• Grains and starches, especially whole grains (i.e. bread, quinoa, rice, popcorn, potatoes)
  • Nuts and seeds
  • Beans and legumes
  • Fiber supplements (powder and capsules)

According to the 2015-2020 Dietary Guidelines for Americans, here are the recommendations for fiber intake based on gender and age:

Age (in years)GenderDaily Fiber Recommendations (in grams)
1 to 3Male and Female14 grams
4 to 8Female)16.8 grams
4 to 8Male19.6 grams
9 to 13Female22.4 grams
9 to 13Male25.2 grams
14 to 18Female25.2 grams
14 to 18Male30.8 grams
19 to 30Female28 grams
19 to 30Male33.6 grams
31 to 50Female25.2 grams
31 to 50Male30.8 grams
51 and overFemale22.4 grams
51 and overMale28 grams

You can also determine your fiber recommendations based on your calorie intake. It is recommended that people consume 14 grams for every 1000 calories consumed.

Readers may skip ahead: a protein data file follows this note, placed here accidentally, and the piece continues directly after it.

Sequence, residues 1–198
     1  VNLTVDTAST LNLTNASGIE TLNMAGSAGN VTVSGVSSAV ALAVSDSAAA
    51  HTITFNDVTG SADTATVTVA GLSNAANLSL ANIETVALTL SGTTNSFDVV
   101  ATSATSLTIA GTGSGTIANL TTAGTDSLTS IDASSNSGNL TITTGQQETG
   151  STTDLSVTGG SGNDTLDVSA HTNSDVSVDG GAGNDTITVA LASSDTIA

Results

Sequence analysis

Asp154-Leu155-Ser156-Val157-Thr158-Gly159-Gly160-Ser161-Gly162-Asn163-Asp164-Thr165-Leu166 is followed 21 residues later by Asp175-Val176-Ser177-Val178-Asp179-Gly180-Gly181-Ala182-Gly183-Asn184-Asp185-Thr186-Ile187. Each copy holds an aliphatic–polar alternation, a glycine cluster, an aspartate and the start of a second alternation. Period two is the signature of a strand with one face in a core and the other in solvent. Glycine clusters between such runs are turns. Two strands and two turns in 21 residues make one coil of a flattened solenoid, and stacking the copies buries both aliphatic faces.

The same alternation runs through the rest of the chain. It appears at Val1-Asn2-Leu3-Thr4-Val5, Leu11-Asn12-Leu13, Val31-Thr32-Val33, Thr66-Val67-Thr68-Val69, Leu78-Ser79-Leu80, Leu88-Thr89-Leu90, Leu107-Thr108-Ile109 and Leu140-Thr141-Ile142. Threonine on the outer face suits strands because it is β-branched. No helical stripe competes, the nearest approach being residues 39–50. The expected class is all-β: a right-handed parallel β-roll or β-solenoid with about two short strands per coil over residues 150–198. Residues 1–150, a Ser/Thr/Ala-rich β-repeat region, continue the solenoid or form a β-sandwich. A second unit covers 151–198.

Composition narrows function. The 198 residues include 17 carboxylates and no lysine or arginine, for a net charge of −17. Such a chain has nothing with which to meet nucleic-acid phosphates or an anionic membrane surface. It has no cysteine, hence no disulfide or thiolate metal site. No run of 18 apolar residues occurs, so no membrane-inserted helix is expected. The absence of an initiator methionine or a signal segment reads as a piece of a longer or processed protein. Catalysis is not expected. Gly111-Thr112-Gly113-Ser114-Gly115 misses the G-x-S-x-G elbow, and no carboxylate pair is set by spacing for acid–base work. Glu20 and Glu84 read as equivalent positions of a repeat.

Tip #7: Learn how to find fiber on the food label

In foods that have a Nutrition Facts label, you can find out how much fiber is in that particular food. Fiber is listed in grams on the back food label. Remember the fiber recommendations above? Try to consume foods that help you reach your daily fiber goal. For a list of healthy, fibrous foods, click here. In general, a food that has at least 5 grams of fiber per serving is a high fiber food.

Tip #8: Know when to seek medical attention

If you have diverticulosis, you are at risk of developing diverticulitis. However, since many people don’t know that they have diverticulosis, there are some symptoms to look out for that indicate you may have diverticulitis. Abdominal or intestinal pain, constipation, diarrhea, bloating or a change in bowel movements can be ambiguous symptoms. However, if you notice blood in the stool and/or develop a fever, make sure to see your doctor. Your doctor can do tests to help determine if you have diverticulitis and determine the severity of the infection.

Want to learn more about gut health?

A happy, healthy gut is possible! For more information on having a healthy gut, see our article about probiotics.